3rd September – 9th September 2018


Front and centre of our thoughts this week include

It has been a quiet couple of weeks in regards to economic data releases. However, this week sees a step-up in activity with the closely watched US employment report and global services and manufacturing sentiment surveys for August set to occupy investors’ attentions. Additionally, as politicians return from their summer recess, we expect key political battles to return to the fore with Italy in particular focus, alongside the usual culprits of Brexit and Donald Trump.

The US employment report continues to be one of the most closely followed economic indicators as it provides a good sign of the overall health of the US economy. Last month’s employment report was a little on the softer side with the US economy adding fewer jobs than expected over the month of July. Expectations are that this trend will be reversed in August with the US economy adding 194k jobs, up from the 157k created in July. The most interesting aspect of the report will be the change in average hourly wages. As the level of wage growth will help set expectations over the level of inflationary pressures within the labour market and subsequently the pace that the US Federal Reserve (Fed) tightens monetary policy.

Elsewhere, this week sees the release of the manufacturing and service sector PMI sentiment surveys for all major economies. These will be closely watched as they continue to be one of the best leading indicators of immediate economic growth. Most major economies are expected to report business optimism that is more or less in-line with last month’s readings which would suggest that global growth remains on a steady footing.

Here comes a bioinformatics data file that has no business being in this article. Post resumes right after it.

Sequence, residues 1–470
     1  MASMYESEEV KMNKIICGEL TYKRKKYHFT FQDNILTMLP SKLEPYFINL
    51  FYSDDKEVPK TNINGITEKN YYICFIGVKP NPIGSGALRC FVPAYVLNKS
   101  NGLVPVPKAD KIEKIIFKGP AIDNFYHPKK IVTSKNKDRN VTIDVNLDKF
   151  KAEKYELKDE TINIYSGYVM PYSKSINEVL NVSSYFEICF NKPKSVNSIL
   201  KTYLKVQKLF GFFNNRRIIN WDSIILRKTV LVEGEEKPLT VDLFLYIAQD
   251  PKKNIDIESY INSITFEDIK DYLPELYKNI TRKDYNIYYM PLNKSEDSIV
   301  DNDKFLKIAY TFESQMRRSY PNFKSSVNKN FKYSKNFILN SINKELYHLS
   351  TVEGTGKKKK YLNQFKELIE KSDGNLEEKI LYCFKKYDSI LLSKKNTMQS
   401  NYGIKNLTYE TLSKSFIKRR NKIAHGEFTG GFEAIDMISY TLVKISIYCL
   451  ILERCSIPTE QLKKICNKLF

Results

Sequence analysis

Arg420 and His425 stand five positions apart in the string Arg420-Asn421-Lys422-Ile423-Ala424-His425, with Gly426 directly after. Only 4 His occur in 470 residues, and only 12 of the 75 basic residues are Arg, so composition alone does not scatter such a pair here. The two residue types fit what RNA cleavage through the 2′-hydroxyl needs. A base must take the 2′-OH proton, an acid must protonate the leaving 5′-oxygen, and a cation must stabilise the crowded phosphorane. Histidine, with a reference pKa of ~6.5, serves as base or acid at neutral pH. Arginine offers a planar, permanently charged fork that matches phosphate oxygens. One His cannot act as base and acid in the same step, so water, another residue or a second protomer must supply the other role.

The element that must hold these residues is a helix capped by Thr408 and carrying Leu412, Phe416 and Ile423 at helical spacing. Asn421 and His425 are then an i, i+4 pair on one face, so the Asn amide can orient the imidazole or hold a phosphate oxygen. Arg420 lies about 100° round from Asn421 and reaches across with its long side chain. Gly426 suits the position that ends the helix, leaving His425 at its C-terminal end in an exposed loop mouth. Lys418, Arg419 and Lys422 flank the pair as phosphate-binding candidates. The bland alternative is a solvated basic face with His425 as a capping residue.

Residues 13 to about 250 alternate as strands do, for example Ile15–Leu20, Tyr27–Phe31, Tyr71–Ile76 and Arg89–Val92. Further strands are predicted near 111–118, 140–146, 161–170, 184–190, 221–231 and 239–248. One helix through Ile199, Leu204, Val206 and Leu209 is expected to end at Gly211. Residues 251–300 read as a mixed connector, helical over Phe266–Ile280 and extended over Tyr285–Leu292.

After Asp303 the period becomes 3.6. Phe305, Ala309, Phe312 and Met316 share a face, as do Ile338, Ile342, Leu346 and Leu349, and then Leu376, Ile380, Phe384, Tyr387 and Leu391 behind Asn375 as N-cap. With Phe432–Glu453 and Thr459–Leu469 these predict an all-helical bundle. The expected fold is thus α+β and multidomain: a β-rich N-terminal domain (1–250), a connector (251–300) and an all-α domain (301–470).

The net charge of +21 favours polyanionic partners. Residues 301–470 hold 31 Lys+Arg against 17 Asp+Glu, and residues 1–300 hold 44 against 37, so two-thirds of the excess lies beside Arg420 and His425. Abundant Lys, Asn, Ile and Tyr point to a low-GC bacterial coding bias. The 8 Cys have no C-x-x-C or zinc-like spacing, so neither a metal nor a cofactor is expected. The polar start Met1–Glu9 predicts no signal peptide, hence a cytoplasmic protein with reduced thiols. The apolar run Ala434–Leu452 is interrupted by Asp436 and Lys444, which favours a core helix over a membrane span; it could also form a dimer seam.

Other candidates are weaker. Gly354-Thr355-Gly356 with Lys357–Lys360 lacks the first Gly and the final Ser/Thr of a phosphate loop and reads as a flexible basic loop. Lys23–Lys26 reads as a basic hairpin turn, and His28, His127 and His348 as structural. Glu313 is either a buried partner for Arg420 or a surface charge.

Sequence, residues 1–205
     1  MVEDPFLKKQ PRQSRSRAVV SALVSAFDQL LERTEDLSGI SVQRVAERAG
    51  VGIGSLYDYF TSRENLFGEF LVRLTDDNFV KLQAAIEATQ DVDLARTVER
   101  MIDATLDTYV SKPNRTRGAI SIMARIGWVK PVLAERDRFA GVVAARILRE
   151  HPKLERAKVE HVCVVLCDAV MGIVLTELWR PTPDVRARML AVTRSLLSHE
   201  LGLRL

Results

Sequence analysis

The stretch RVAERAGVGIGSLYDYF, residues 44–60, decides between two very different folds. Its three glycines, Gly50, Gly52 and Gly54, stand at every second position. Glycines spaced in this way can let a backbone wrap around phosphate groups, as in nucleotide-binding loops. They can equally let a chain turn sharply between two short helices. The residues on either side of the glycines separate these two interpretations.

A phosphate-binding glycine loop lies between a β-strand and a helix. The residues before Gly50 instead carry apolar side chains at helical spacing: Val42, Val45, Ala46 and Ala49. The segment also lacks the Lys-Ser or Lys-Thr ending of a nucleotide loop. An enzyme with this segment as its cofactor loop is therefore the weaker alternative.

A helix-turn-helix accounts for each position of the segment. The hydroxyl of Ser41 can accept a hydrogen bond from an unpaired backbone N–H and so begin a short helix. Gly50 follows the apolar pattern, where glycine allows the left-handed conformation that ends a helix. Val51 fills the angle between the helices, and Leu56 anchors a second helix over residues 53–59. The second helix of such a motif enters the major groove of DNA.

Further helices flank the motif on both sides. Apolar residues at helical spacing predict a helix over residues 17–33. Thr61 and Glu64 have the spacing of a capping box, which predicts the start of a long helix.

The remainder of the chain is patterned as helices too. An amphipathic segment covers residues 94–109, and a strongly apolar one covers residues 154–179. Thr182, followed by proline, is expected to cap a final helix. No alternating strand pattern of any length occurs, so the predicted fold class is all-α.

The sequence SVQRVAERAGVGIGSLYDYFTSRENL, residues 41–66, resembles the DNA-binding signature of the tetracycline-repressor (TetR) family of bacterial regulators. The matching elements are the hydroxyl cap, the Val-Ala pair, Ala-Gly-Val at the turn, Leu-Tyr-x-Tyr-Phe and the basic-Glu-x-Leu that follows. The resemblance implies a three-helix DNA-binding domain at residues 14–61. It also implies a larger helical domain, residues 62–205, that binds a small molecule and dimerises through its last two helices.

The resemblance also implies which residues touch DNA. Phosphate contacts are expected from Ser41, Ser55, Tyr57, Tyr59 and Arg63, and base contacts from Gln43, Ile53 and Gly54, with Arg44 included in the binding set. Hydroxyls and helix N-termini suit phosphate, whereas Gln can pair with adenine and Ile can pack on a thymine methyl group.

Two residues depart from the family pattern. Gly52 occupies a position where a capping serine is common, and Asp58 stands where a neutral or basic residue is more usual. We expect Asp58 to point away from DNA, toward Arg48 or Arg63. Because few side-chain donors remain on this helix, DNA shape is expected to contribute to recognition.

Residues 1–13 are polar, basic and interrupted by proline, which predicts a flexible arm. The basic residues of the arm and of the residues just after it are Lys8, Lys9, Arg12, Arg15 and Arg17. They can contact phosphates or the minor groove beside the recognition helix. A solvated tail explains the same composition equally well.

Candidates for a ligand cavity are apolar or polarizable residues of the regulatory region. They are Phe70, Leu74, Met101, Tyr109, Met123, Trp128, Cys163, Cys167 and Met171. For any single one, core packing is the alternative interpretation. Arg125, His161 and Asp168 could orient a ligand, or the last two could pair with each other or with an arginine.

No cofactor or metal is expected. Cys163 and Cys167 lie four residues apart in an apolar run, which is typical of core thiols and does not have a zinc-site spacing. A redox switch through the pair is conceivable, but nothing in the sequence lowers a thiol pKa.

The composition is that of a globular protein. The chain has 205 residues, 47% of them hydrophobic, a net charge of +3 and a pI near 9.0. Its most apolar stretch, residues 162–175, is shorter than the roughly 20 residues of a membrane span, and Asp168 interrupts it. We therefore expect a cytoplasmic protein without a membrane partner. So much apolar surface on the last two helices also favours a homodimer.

In regards to politics, the battle between Rome and the European Union (EU) looks set to intensify as the deadline for the Italian government to produce their 2019 budget draws closer – Italy has to present its annual Stability and Growth Pact to the EU on the 27th September and its budget by the 15th October. At the heart of the issue is the fact that the coalition, populist Italian government wants to implement a number of its campaign pledges, including tax cuts, the introduction of basic income and the removal of VAT increases. If introduced it would materially worsen Italy’s national debt profile but, more importantly likely breach EU fiscal rules. The situation remains delicately balanced and we expect Italian assets to be extremely volatile over the coming weeks as they move in-line with the progress of talks.

Donald Trump will remain in the limelight with the US government expected to impose more tariffs on China later this week. Mr Trump made it clear last week that he intends to impose tariffs on an additional $200bn of Chinese imports once the public consultation period ends on 6th September. A process which is likely to trigger a response from China and likely worsen sentiment towards emerging markets at an already challenging time.